It started as a conversation with my friend. We were talking about topics we’d love to read about and I said I wished someone would write a manual on how to not disappoint your mom.
Mothers…bless their souls, we love them but there’s something about knowing you’ve disappointed your mother that leaves an indelible mark on your consciousness. A mark you’ll continue trying to obliterate or make amends for -both exercises in futility really because how do you fix what you didn’t set out to ruin?
See I’m 26 and I’m a single girl living and working in Lagos, far away from the comfort of my family. That on its own is enough to cause most parents to worry, my parents don’t live in Nigeria.
Thus the responsibility of parenting me has been outsourced to a gaggle of well-intentioned, if incredibly parochial, aunts whose reports about my actions are the only things my parents have going for them right now.
This unfortunately means that over the last year and a half since arriving in Nigeria, every other phone call to my mother has been an episode of ‘New Ways to Break a Mom’s Heart’. Often due to one aunt or the other complaining about something I’ve done to her.
By all accounts, the aunties have valid cases against me. My job means that I work long days that often become longer nights; and on days when I simply can’t go home, I stay in hotels.
When you factor in that according to Nigerian aunties, only a certain type of lady regularly patronizes hotels, you begin to understand why my innocuous actions are an affront to their quiet sensibilities. By focusing on work, I disappoint their expectations of proper Nigerian womanhood.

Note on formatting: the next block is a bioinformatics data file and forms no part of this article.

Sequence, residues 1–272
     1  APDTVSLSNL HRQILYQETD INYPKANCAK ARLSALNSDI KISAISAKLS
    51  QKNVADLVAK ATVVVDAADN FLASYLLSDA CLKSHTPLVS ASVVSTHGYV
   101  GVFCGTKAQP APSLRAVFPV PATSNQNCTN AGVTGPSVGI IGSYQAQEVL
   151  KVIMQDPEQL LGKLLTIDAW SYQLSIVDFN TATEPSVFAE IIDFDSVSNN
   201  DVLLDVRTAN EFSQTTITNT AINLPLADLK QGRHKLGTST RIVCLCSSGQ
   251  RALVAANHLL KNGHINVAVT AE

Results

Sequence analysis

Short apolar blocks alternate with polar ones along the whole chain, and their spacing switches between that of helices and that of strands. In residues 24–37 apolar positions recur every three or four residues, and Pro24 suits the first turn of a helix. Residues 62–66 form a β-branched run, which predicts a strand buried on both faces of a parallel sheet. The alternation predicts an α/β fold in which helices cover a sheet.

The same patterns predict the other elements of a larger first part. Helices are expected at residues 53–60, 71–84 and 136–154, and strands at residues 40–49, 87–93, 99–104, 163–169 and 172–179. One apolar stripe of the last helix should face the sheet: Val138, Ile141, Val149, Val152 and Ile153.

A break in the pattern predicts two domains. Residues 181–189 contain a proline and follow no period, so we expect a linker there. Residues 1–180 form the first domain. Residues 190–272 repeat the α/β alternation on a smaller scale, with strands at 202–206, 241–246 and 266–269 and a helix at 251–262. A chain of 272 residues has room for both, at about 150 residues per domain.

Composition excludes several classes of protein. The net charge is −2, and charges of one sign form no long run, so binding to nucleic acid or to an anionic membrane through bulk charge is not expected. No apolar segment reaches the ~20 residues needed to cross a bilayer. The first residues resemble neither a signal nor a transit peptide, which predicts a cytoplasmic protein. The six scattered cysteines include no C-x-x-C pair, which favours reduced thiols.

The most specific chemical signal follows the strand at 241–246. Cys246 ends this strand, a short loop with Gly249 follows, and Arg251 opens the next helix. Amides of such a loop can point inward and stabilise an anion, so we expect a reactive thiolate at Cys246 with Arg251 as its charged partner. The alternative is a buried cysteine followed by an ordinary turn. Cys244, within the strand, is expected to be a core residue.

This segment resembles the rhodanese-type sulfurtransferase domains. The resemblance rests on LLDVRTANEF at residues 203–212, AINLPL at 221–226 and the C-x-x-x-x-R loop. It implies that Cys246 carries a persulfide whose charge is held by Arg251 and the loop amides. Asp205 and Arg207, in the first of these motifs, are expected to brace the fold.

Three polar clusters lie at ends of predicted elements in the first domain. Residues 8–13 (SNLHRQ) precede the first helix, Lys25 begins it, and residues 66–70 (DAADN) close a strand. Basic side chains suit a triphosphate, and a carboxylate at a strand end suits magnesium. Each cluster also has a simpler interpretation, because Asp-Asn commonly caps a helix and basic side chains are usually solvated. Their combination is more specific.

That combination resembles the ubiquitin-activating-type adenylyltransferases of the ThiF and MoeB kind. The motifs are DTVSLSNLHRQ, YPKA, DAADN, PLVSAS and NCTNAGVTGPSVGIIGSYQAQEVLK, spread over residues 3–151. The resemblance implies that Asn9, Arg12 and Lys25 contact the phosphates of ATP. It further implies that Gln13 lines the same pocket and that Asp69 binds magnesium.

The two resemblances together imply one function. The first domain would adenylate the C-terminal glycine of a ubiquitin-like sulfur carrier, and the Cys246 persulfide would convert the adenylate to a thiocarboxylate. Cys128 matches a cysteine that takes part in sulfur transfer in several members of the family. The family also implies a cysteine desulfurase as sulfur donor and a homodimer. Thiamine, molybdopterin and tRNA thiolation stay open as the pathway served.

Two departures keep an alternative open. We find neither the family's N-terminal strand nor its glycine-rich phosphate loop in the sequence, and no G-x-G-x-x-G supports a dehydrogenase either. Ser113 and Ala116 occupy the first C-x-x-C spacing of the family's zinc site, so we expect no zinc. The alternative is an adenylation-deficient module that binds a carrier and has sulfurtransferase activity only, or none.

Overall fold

I get it, I don’t agree with it but I get it.
I used to obsess about my work-life balance and how I was not fulfilling some arbitrary Nigerian ideas I believed I had to satisfy. But now I step away from it all. It’s really just BS. I came across an article once that argued there shouldn’t be anything like work-life balance.
The writer stated that this way of thinking doomed us into thinking it was a zero sum game. They instead chose to think of work and life as a delicate relationship that although might sometimes appear to be skewed, are in reality both being satisfied in different ways. This helped me understand that I do not disappoint, and neither do you.
I’m still not sure how to balance my work with my life or perhaps more importantly how to ensure my mother doesn’t get disappointed with me (everyday). Yet if there’s one thing I know, it’s the inevitability of mistakes.
Sometimes, your work will appear to take precedence for months on end and you won’t always do what’s right by mom. So, maybe don’t obsess over assumed failures?
These days, when I get to steal time away from work to gossip with mom over phone about bosses or new opportunities, I can hear her pride. I feel how proud she is of my ability to make things work in my career despite not being the daughter she might have wanted me to be. That’s really all there is to it at the end of the day.